1. At least you can remember her fondly. That poem makes me think of almost the freedom of age. Less worry about pleasing others and more about doing what you want. Like wearing purple

  2. A very thoughtful and moving post May. My mother died last year and memories of her are always popping into my mind. I loved the poem, which I’d never read before. xx

    1. I am sorry to hear that CP – would love to hear about her – and glad i have introduced u to the poem 😉 xx

  3. I know what you mean about not getting over your mom’s death. It’s coming on three years, and it still feels like yesterday to me. That is really a great poem. Thanks for sharing! 😉

  4. Such a lovely post. I wrote one about the women in my life a few years ago, my Gran, Mum and my daughter. They are all such important people in my life. You Mum sounds like such a wonderful character and definitely had a very interesting up-bring of her own

    Mollyx

  5. I really enjoyed reading this post May and it is a lovely tribute to your mum. It is always fascinating to learn more about other people, so thank you for such a beautiful and honest post. I have always liked this poem and what you have written fits the prompt brilliantly ?

  6. This is a beautiful post, May. My dad died 16 years ago, but I still have my mom. But I know that when she’s gone, it will be a crushing blow. I haven’t convinced her to wear bright purple, but she might choose hot pink when she gets older (she’s only 58 now).

    And I will definitely wear purple when I’m old…with purple hair and purple shoes and purple jewelry. 🙂

  7. This really touched my heart, May. I don’t think I can or will ever forget my mom, and as I feel now, I don’t think that ever there will be a day I don’t think of her. But, I know it will get easier to handle the pain. I will keep on sharing my ‘journey’ with working through my grief…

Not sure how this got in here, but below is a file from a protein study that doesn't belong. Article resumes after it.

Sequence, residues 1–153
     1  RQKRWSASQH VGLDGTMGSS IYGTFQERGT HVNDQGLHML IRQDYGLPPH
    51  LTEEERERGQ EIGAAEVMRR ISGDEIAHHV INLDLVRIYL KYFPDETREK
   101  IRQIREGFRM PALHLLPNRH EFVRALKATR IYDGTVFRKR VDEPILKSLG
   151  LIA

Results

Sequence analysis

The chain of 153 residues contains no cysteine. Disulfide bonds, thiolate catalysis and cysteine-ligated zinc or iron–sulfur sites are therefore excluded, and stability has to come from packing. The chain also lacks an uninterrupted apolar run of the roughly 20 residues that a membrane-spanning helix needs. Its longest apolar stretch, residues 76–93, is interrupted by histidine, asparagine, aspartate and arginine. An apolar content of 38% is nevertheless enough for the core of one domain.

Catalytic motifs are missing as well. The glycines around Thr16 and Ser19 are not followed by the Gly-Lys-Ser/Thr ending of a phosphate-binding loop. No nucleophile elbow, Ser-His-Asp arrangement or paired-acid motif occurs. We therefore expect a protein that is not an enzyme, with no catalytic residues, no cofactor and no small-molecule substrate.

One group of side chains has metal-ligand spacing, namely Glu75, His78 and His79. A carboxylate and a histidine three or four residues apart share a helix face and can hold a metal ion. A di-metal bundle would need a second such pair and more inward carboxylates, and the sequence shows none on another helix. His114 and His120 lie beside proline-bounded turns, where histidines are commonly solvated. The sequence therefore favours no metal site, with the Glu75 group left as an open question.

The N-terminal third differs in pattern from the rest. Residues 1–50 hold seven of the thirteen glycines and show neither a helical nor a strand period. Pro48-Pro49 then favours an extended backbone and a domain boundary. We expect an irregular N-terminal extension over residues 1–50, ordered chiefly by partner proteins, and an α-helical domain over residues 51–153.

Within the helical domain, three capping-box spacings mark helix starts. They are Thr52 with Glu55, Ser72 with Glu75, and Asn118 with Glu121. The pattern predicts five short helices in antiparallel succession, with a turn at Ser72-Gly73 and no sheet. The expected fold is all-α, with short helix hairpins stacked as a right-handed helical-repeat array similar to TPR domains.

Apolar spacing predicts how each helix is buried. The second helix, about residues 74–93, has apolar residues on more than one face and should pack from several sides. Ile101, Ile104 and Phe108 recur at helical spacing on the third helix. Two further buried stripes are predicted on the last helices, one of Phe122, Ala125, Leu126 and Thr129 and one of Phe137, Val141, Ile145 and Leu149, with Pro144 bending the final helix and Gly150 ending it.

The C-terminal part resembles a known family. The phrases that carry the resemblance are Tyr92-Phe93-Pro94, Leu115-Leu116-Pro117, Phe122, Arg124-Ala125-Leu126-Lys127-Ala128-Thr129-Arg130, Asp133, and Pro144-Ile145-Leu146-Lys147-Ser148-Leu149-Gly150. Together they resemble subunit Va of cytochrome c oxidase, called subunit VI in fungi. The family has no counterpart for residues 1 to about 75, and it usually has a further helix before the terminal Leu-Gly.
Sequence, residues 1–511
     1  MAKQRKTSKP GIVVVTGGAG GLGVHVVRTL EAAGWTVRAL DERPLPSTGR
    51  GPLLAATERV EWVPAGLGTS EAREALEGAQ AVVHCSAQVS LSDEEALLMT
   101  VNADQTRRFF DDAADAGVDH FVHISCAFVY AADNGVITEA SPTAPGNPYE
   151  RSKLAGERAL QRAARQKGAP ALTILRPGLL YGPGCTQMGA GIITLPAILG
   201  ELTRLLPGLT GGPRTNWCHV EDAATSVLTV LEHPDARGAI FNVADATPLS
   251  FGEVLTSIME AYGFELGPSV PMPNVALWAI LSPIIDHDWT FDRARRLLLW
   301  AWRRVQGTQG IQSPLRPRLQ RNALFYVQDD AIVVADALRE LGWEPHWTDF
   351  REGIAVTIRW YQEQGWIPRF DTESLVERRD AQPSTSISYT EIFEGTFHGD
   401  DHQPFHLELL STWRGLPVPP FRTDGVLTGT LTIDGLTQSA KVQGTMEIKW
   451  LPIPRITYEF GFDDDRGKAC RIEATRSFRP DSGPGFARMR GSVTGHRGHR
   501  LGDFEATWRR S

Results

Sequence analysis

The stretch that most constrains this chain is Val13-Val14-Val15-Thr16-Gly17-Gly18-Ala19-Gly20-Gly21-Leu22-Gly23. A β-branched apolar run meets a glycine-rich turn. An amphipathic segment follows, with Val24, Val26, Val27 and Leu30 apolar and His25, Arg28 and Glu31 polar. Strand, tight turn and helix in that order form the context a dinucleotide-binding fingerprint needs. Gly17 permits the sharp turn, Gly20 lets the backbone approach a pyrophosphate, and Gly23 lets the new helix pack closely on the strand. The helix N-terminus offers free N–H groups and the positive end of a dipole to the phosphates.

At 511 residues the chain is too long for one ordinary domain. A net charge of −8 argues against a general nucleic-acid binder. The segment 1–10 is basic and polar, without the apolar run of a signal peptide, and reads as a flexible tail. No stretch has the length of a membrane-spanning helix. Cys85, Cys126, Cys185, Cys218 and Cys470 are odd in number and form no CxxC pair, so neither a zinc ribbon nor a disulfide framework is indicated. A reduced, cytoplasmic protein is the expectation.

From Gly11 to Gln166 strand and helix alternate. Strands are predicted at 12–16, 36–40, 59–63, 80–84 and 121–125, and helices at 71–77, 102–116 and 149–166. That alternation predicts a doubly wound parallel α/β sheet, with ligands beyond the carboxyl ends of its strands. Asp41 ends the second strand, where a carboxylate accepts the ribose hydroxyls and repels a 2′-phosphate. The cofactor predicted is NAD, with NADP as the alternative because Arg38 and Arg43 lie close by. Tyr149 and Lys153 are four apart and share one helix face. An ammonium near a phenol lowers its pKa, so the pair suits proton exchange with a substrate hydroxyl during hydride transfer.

Thank you for sharing this part of you.

    Rebel xox

  8. Hey May -as ever you have given the topic your own special twist! I love that poem too – I discovered it after my Mum had died, but I am sure she knew about it and purple was always one of her favourite colours. The last photo I have of her – she was dressed all in purple, no hat, although she did like wearing them. There was one my brother forbade her from wearing when she picked him up from school, he said it would make him feel sick with embarrassment! She didn’t care – she was who she was and she certainly dressed with great style. I remember she bought a beautiful basque when she was in her 60s for wearing under filmy/lace blouse, she said it made her boobs behave like ‘kittens in a basket’!
    There was a woman (much like yourself) who wasn’t afraid to be sexual!

    Your mum sounds a smashing woman, and we all remember how special you were to her (she chose you) – I am very glad you had a lovely relationship and that, right at the very end, she had a wonderful lucid day to remind you of how things had been.

  9. Beautiful post May. I know that poem well and I suspect there is a good deal of purple in me even when I’m not wearing it.
    It was very thought provoking reading what you wrote about your Mum. I can remember thinking “I’m an orphan now” after mum died – dear old dad having predeceased her by 25 years. Then when her sister died last year I realised I was the matriarch of the family a term that made me rather uncomfortable until I decided to do it on my own terms! Therefore I laughed ruefully when I read about the spending of the inheritance- which is really what I’ve been doing over here in the UK.
    Once again thanks for sharing this post I’m sure she’d be well proud of her choice in you!
    Xxx Indie

  10. Thank you for sharing this May, I found it really moving as I don’t have a particularly good relationship with my mum, it’s not bad, it’s just…absent. Your mum sounded fabulous and what a wonderfully interesting family history. I love the poem too. X

  11. I remember this poem being very popular when I was younger. I 100% want to be the old lady wearing purple, and whatever other colours I can manage all at once too! My Mum didn’t make it to old bones, as my nan used to say, so it is an everyday hope of mine that I do get to be old and outrageous. Sometimes the things that went before us can weigh heavy on our minds I guess. Wonderful post May, I enjoyed it very much x